New study yields promising news for native ʻōhiʻa tree

Local News

HILO, Hawaii (KHON2) – A new study out of University of Hawaii Hilo suggests that ʻōhiʻa seedlings can survive for at least a year in areas that are infected with Rapid Ōhiʻa Death, or ROD.

The study, published May 8 in Restoration Ecology, is authored by scientists from the U.S. Geological Survey and the Hawaii Cooperative Studies Unit at U.H. Hilo.

ROD is a fungal disease that is known to infect the vascular systems of ʻōhiʻa, causing water to stop moving up to the crown of the tree.

“ROD has the potential to cause major ecosystem disturbances that will negatively impact water supply, cultural traditions, natural resources, and quality of life,” said USGS Director Jim Reilly.

To test how the seedlings would survive in areas where ROD is prevalent, researchers planted them directly underneath adult ʻōhiʻa trees that tested positive for the disease.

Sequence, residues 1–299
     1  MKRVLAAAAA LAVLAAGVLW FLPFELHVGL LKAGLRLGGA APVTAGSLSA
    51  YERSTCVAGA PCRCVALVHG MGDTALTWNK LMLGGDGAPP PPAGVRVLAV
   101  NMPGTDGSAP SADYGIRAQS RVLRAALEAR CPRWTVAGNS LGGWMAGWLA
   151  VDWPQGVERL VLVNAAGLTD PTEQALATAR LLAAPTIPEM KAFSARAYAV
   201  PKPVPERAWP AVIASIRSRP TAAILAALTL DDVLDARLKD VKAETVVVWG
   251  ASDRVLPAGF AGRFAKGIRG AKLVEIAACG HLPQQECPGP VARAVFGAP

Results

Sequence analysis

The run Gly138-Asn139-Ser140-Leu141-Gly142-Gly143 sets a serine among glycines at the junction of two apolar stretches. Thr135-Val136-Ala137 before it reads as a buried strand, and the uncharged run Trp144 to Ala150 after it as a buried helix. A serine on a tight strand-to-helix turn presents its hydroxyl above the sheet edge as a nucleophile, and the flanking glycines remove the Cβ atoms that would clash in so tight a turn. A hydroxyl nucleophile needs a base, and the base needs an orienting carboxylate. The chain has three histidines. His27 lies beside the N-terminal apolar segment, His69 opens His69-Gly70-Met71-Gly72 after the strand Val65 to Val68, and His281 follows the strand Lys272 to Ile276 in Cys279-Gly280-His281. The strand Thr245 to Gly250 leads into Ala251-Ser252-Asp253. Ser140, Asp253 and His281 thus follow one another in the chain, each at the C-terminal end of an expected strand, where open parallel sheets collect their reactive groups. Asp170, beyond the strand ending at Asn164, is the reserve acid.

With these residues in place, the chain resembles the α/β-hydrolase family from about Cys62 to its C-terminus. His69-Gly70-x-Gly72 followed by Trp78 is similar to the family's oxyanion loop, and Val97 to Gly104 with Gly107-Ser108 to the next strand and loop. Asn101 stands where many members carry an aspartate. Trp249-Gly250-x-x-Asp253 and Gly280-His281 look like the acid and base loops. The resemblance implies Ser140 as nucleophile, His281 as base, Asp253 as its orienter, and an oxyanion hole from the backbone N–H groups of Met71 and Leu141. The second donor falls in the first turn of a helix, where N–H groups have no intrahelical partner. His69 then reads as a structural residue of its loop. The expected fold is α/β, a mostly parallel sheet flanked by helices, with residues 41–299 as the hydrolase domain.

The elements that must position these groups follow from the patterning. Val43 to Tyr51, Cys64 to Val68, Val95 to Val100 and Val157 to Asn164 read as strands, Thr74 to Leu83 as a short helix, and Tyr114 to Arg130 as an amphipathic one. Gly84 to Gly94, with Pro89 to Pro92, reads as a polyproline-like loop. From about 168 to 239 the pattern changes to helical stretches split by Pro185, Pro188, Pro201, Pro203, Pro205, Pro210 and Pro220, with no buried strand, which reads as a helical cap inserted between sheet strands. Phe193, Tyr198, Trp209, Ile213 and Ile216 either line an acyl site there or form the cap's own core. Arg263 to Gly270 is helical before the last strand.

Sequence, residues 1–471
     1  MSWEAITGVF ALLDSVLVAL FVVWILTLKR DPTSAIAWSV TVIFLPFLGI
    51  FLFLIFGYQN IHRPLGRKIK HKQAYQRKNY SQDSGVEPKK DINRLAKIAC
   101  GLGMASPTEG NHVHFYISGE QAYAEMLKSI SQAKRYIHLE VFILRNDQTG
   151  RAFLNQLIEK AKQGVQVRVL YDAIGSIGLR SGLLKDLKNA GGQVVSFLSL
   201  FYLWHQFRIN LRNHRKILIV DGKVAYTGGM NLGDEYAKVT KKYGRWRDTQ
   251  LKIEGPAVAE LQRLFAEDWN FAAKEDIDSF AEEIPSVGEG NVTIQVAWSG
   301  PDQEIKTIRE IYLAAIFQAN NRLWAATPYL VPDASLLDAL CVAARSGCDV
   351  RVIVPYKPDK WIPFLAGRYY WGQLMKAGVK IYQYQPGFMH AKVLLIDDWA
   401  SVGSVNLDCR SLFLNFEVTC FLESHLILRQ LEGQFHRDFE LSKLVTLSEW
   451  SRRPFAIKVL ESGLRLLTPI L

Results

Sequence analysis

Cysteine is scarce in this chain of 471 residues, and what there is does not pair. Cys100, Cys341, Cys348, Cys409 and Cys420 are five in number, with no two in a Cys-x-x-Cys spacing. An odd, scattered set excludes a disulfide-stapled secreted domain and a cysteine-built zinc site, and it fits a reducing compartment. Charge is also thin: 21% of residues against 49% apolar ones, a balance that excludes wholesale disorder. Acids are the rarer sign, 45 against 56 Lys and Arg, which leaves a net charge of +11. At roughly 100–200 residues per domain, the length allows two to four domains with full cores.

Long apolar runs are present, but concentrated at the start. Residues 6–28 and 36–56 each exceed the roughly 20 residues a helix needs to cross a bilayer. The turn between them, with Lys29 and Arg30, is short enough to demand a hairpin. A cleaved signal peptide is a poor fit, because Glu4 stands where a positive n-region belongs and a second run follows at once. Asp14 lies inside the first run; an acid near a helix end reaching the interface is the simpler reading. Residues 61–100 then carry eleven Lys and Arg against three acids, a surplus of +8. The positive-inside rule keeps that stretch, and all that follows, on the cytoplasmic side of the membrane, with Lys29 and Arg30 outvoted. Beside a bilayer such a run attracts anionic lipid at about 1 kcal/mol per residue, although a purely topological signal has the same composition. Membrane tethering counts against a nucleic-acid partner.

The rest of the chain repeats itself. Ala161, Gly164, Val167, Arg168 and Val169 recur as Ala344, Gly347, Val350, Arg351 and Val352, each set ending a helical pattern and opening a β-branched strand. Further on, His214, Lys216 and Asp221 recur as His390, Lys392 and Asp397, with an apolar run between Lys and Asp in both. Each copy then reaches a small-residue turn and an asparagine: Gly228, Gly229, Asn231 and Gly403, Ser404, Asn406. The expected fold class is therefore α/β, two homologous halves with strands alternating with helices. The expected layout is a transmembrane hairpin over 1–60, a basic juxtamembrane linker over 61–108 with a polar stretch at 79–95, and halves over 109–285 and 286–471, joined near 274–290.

Some seedlings were planted in survival pots that were fenced in from animals and invasive plants, while others were left out in areas that had no protective measures at all.

According to the study, seedlings that did not survive were taken back to the lab to determine whether they had been infected with ROD.

None of the dead seedlings tested positive for ROD, indicating that ʻōhiʻa can survive in ROD-infected forests if they are protected from wild animals and invasive plants.

​The study revealed that the seedlings were also six times more likely to die if the surrounding weeds weren’t being maintained.

This suggests that controlling invasive plants and animals has a greater impact on the health of ʻōhiʻa than being exposed to ROD.

The results are encouraging for two reasons, UH Hilo Extension Forester J.B. Friday says.

“First, it means that even in forests with invasive trees and shrubs, ʻōhiʻa may possibly be re-established. And second, it means that in our high-elevation, pristine native forests, natural ʻōhiʻa regeneration could be possible, even in forests hit by ROD, if those areas are protected,” said Friday. 

To read the full study, click here.

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